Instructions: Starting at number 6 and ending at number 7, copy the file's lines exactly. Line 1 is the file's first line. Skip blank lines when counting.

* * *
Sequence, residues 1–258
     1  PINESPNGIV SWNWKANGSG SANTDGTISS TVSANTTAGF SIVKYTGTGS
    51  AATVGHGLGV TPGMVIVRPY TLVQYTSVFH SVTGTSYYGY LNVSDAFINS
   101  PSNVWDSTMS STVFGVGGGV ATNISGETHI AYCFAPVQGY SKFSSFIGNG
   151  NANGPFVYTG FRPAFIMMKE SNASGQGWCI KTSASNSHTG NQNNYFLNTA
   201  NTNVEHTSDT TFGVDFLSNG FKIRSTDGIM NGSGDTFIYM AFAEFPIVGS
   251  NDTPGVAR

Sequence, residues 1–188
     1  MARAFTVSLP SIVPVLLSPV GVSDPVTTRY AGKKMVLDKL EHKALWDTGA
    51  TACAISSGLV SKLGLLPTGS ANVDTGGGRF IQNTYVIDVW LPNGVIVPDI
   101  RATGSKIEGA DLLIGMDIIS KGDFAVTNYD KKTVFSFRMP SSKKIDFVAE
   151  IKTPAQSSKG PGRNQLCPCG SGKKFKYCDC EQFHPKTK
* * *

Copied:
   201  NTNVEHTSDT TFGVDFLSNG FKIRSTDGIM NGSGDTFIYM AFAEFPIVGS
   251  NDTPGVAR